Canadian Grain Commission researchers help unlock genetic code for 15 wheat varieties

From: Canadian Grain Commission

The project was a major international effort and was led by Dr. Curtis Pozniak at the University of Saskatchewan. Canadian Grain Commission researcher and microbiology program manager, Dr. Sean Walkowiak, is a primary author of the report on the discovery, Multiple Wheat Genomes Reveal Global Variation in Modern Breeding , published in the journal Nature. Dr. Bin Xiao Fu, manager of the Canadian Grain Commission’s Bread wheat and durum research program, also contributed to the project by comparing the wheat cultivars from global breeding programs.

By mapping multiple wheat genomes, scientists now have a better understanding of the extensive genetic diversity available in wheat that can be used to accelerate the improvement of wheat production and quality in Canada and around the world.


“The genome resources developed from this project will bring a major boost to wheat research and breeding, both in Canada and internationally.”

Dr. Sean Walkowiak, primary author and Program manager, Microbiology

Canadian Grain Commission

“We would like to congratulate the University of Saskatchewan on achieving this breakthrough in agricultural science. This landmark discovery will accelerate the creation of better varieties, while supporting sustainable wheat production and increasing profitability for Canadian wheat producers.”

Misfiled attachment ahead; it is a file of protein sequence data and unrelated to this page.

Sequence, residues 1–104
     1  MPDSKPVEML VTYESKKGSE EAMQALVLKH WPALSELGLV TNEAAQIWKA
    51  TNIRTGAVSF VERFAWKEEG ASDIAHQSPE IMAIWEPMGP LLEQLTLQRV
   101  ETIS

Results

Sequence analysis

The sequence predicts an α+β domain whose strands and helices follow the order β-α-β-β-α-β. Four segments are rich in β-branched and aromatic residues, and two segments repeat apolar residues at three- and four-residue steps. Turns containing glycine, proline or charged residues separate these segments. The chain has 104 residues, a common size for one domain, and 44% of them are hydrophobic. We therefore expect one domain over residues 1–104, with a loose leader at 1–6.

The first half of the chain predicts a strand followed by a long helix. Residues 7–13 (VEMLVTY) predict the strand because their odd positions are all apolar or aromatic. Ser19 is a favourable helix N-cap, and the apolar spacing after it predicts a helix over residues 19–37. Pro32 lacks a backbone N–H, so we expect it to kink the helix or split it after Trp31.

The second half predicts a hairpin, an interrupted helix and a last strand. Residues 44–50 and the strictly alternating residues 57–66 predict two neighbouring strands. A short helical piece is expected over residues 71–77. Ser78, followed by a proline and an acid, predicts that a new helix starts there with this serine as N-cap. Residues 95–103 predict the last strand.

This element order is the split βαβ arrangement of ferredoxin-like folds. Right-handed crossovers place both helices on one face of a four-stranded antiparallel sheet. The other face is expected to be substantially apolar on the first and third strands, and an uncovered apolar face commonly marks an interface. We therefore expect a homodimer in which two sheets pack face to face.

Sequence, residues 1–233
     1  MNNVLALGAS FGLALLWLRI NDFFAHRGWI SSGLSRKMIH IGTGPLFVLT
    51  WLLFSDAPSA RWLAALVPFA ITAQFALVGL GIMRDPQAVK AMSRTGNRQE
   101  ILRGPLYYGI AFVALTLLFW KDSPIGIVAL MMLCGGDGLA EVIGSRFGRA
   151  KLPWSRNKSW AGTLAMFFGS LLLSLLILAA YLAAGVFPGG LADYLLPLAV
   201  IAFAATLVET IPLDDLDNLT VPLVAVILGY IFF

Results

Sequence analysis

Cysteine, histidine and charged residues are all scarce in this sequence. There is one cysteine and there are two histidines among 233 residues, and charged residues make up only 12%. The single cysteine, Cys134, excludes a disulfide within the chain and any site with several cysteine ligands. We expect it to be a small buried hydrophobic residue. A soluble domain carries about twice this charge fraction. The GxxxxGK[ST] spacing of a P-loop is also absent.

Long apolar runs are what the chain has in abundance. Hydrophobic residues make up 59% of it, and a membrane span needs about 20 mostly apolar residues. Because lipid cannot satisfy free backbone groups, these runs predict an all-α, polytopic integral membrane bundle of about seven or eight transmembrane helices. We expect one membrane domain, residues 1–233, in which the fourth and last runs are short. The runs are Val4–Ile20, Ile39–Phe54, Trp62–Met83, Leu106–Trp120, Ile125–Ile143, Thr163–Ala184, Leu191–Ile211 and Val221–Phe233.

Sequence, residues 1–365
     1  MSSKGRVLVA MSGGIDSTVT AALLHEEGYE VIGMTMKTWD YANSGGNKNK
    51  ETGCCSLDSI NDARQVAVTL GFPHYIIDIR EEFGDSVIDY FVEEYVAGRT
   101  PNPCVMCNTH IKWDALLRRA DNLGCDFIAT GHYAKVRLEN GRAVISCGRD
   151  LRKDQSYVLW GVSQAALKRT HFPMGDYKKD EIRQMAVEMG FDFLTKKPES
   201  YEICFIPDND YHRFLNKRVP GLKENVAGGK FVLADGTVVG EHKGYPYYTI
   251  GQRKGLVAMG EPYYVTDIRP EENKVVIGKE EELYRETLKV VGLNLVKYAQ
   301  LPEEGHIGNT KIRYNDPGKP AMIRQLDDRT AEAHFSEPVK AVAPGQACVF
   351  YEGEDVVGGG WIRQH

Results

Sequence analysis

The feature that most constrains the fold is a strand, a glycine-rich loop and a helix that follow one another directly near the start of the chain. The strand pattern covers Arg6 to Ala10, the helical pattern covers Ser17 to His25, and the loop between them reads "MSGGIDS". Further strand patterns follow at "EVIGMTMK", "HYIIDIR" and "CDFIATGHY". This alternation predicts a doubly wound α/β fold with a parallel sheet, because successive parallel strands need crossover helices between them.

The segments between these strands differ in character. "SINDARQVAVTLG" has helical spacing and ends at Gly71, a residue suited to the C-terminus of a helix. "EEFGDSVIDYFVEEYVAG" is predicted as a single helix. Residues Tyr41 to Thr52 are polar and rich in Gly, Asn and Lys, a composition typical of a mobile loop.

Doug Chorney, Acting Chief Commissioner

Canadian Grain Commission

Quick facts

  • Led by the University of Saskatchewan, the 10+ Wheat Genome Project is a global partnership that involves nearly 100 scientists from universities and institutes in Canada, Switzerland, Germany, Japan, the United Kingdom, Saudi Arabia, Mexico, Israel, Australia and the United States.

  • Wheat currently provides about 20% of human caloric intake globally. It’s estimated that wheat production must increase by more than 50 percent over current levels by 2050 to meet an increasing global demand.

  • The bread wheat genome is 5 times larger than the human genome and is one of the most complex genomes among crops.

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